Moore notes that this fusion of technological rationality, comprehensive planning, and modern notions of productivity and efficiency with ethnic nationalism and right-wing ideologies has been referred to as "techno-fascism." But it is more a matter of fascism pure and simple, or what I call radical Shintō ultranationalism in Japan's case. British historian Roger Griffin has shown[2] that National Socialism's preoccupation with a mythologized Aryan past went hand in hand with the intense modernization and astounding technological advances of the Third Reich, which appealed so strongly to many German academics in the natural and applied sciences. Griffin writes that the Nazi Revolution enabled scientists and technocrats to reconcile empirical and technological knowledge with a powerful, quasi-spiritual sense of national identity. Italian fascism, too, though often seen as a totally irrational revolutionary ideology, sought to construct a "Third Rome" through rapid industrialization.[3] In this sense, Shintō ultranationalism was no different from German or Italian fascism.

Similarly, Moore writes that "Scholars have recently examined the role of science and technology in planning and justifying Japan's imperial rule across Asia and thereby challenged earlier views of war and empire as the product of spiritual fanaticism and a runaway military" (151). But the idea that the "spiritual fanaticism" of the radical Shintō fundamentalists represented a flight from modernity needs to be carefully examined. This is not a matter of denying that spiritualism helped justify Japan's imperial rule across Asia. Spiritual fanaticism could and did co-exist with scientific and rational technological planning—as it did in the minds of most Shintō fanatics. In other words, the real danger was that the spiritual fanaticisms of the Axis Powers were being combined with a scientific and technical mindset. It took not only two atomic bombs, but the—probably decisive—Russian entry into the war to destroy radical Shintō ultranationalism, a suicidal ideology that was driving Japan to total annihilation.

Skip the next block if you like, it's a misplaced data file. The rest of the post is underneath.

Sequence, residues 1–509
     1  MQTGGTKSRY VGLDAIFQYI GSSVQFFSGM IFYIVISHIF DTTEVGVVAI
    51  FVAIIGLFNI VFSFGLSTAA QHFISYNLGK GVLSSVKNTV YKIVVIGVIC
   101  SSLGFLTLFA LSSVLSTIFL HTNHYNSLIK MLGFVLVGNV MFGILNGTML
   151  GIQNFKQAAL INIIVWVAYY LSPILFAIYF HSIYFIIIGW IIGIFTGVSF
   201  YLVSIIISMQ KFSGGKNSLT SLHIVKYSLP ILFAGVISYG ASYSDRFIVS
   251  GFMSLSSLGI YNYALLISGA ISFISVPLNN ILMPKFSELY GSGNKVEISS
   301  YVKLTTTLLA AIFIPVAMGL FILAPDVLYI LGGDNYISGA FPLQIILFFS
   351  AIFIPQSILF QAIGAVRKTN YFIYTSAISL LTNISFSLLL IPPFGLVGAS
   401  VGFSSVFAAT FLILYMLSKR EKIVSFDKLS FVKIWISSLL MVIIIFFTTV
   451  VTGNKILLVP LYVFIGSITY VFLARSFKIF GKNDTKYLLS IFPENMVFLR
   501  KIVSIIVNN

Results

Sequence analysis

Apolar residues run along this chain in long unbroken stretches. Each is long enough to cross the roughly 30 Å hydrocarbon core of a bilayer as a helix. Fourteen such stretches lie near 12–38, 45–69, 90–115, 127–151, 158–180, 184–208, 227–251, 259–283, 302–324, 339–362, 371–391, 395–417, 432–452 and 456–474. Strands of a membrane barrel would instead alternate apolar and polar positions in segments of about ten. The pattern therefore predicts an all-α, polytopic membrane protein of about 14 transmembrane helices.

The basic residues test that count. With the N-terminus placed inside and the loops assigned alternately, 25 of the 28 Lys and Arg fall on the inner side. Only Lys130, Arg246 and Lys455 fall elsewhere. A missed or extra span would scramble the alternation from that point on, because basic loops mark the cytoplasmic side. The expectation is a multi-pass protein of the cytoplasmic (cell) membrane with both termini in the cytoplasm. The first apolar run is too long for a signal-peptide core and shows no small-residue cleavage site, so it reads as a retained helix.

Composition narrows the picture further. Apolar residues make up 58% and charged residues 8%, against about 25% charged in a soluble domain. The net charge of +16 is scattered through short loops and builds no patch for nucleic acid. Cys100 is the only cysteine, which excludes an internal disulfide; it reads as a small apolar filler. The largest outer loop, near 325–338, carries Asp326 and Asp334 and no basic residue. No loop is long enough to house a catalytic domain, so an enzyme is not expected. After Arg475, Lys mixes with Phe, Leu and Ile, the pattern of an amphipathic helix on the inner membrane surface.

The author further shows that Mōri shamefully ignored the sheer brutality of Japan's war in China. No blending of State Shintōism and a "higher multiethnic East Asian nationalism" (218) could have united the Japanese with the Chinese and other peoples. Mōri's assertion that "such East Asian nationalism was an essential part of the Japanese nation, … [which was] a 'plural nation'" (218) was simply preposterous. What "plurality" existed in the Japanese nation? Was Mōri unaware of the realities of Korean life under Japanese colonial rule? Equally fatuous is his notion that "Japan's multiethnic nationalism could 'fertilize' the Chinese national instinct and make possible the 'Symbiotic Body of East Asia'" (218). What basis could there be for multiethnic nationalism in a nation espousing wartime Shintō ideology, with its vision of the superior Yamato race (minzoku) at the apex of a rigid hierarchy, far above other, inferior "races" ranked in descending order depending upon their perceived ethnic capabilities? One wonders what the Japanese could have taught the Chinese about a multiethnic nationalism based on the ideal of equal relations and solidarity among Asians.